To be frank, 2020 has been a year of uncertainty and fear for the general public. As cases are once again rising in Ontario, particularly among young people, the university must continue to protect its students during the pandemic.
Although the university has taken measures to prevent the spread of COVID-19 on campus, much more needs to be done.
During the summer, the university announced it would offer U of T students and staff two free face masks each. These can easily be picked up at various locations on campus at during posted times.
However, the quality of these masks has already come into question. According to epidemiologist David Fisman, these masks may not offer adequate protection because they are made from double-ply polyester that cannot filter as effectively as cotton.
Students may not be safe if they just wear the university provided masks and are better off wearing store-bought surgical masks or homemade cotton masks.
The university could have averted this controversy if they had just provided cotton masks to begin with. Instead, students who are concerned about the quality of these masks now need to invest their own money into protective equipment in order to feel safe on campus.
U of T acknowledged mental health concerns among the student population by partnering with the Centre for Addiction and Mental Health to launch a discussion forum. The forum allows students to communicate with each other on how they are coping with the pandemic and recieve advice from social workers on a case-by-case basis.
Facebook livestream events are also periodically being offered to provide tools for students on how to cope with negative emotions and deal with stress during this time. The university has listed a number of hotlines on the COVID-19 information page as well.
While the university is clearly making an effort, these services remain largely unknown to the student population.
While the intention behind the forum may be pure, it cannot act as a substitute for the long-term professional help that many actually need.
Regular student protests concerning the mental health crisis that have occurred over the last few years have pointed out the university’s obvious lack of services. Now more than ever, the university must step up and offer accessible mental health services for its students.
UCheck, a COVID-19 self assessment web portal, has become available for staff and students to independently assess their symptoms. Members of the U of T community can evaluate their COVID-19 risk status on their electronic devices to see if they should come to campus. They can also receive advice on what to do based on their risk status.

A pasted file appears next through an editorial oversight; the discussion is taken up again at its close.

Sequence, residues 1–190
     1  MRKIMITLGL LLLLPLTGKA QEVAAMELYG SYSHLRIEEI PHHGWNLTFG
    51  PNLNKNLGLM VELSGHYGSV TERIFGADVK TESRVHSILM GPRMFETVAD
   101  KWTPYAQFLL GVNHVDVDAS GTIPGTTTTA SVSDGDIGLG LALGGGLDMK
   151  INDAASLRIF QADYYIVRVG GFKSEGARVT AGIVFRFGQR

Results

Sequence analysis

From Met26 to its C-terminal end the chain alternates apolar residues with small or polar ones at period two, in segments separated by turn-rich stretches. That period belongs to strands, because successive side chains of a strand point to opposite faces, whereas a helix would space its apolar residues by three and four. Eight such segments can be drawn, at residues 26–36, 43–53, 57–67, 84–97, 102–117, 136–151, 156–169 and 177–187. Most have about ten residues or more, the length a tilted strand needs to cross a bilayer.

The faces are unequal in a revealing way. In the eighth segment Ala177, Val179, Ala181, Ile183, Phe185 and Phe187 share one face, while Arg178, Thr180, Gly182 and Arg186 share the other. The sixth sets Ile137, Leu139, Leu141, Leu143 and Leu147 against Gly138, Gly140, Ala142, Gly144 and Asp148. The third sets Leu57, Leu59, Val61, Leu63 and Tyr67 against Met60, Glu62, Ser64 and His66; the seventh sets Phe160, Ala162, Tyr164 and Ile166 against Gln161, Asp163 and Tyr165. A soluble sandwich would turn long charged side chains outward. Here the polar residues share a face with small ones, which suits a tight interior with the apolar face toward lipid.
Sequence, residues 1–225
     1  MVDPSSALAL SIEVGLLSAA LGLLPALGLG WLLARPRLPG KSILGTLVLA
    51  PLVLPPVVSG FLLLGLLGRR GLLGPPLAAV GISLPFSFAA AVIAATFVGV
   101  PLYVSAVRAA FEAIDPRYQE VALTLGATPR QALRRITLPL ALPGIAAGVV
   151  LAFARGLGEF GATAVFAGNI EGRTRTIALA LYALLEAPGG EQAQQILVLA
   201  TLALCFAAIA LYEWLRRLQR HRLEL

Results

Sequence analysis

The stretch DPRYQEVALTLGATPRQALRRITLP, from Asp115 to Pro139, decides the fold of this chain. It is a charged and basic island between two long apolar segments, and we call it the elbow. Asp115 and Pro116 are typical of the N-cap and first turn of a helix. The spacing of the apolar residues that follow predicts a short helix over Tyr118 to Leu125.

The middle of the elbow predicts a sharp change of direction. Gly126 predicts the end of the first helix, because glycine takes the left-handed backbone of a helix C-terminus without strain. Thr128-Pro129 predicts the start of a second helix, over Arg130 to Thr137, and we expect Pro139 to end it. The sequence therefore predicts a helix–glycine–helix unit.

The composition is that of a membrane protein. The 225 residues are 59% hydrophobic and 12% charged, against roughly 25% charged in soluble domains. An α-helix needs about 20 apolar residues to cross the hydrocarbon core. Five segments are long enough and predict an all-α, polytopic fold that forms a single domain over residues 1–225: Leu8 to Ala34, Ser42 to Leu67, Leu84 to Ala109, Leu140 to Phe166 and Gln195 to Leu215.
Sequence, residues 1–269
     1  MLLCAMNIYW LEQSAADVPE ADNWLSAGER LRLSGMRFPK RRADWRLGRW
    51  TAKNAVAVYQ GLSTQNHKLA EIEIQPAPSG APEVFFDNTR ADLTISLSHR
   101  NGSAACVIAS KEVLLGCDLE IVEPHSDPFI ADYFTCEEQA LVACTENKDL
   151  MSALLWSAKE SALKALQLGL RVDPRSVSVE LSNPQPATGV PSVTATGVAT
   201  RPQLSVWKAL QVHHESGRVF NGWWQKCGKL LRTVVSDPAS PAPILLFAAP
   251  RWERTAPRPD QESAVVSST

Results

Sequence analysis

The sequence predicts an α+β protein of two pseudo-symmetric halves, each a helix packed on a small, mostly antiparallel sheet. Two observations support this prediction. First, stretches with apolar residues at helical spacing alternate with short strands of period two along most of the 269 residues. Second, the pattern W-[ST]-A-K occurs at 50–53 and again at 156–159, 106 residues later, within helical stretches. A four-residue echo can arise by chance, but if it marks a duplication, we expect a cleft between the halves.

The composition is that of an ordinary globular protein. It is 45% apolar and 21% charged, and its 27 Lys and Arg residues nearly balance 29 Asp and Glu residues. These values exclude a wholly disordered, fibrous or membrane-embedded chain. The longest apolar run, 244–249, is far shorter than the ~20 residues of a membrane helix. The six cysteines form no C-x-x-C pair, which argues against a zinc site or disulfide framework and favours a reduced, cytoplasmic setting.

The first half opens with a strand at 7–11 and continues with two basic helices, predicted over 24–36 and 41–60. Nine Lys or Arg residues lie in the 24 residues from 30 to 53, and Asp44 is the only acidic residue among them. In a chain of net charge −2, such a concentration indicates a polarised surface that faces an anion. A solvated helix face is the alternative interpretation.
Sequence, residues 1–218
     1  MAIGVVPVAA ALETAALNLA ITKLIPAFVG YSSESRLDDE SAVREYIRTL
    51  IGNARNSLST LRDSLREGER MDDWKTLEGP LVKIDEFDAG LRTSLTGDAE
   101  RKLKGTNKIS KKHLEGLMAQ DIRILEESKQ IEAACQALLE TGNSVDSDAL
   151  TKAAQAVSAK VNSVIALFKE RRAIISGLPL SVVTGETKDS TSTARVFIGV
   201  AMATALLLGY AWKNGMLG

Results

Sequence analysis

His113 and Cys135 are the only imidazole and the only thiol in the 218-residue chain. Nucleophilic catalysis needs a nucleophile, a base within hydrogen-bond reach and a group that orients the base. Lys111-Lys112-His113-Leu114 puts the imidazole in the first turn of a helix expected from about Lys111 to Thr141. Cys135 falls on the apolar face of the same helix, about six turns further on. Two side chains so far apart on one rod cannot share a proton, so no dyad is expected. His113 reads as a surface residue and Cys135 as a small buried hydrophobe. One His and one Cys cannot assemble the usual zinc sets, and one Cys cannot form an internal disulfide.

It must be emphasized that the UCheck portal is not a diagnostic tool for accurate COVID-19 screening.
Upon using the portal, I found it personally underwhelming. The self-assessment tool merely asked whether you have any of the symptoms presented in the list, if you have recently had contact with sick individuals or those suspected of having COVID-19, and if you have travelled in the past 14 days. Much of this is common sense.
If U of T really wants to commit to keeping students and staff safe, it shouldn’t be focusing its attention on a portal that cements precautions that everyone already knows. Instead of an unnecessary diagnostic tool, U of T should provide testing sites close to campus so that members of the community can be confident that they and the people around them aren’t a threat to public health.
While students do have the means and knowledge to protect themselves and others with hand sanitizers, masks, and provincial mandates on social gatherings, that does not necessarily mean that all students will abide by the rules.
In fact, Western University made the news after a sudden spike of cases emerged on campus. U of T recently had a scare of its own when it found out that two people with COVID-19 visited the Student Centre at UTM.
Of course, the majority of students will be responsible, but it takes just a few careless people or legitimate accidents for the virus to spread on campus.
If the university wants to remain committed to its mixed course delivery system, at the very least it should be transparent about its contact-tracing plans instead of feeding students generic lines about its efficacy. Indeed, there has yet to be a publicized protocol for contact-tracing on campus.
Better yet, the university should not have offered non-essential classes in person to begin with. While it’s understandable that labs and other class formats that require hands-on learning can’t be shifted to online, there are still a number of in-person classes being held that could very easily make the transition to online delivery.
This would have allowed international students to stay home and not put themselves at risk by flying back to Canada. It would further reduce crowding on campus, decreasing the likelihood of an outbreak. And it would allow professors to focus on one form of delivery instead of having to juggle a hybrid experience, both online and in person.
Although the university has taken important steps to protect its students, much more needs to be done. Simply providing free polyester masks and a self-assessment portal is not enough to prevent the spread of COVID-19 on campus. Now that students are struggling financially and emotionally while trying to protect their health, the university must work to fulfill its duty to take care of its faculty and students.
Hyerin Jeong is a fourth-year student studying physiology and cell and molecular biology at New College.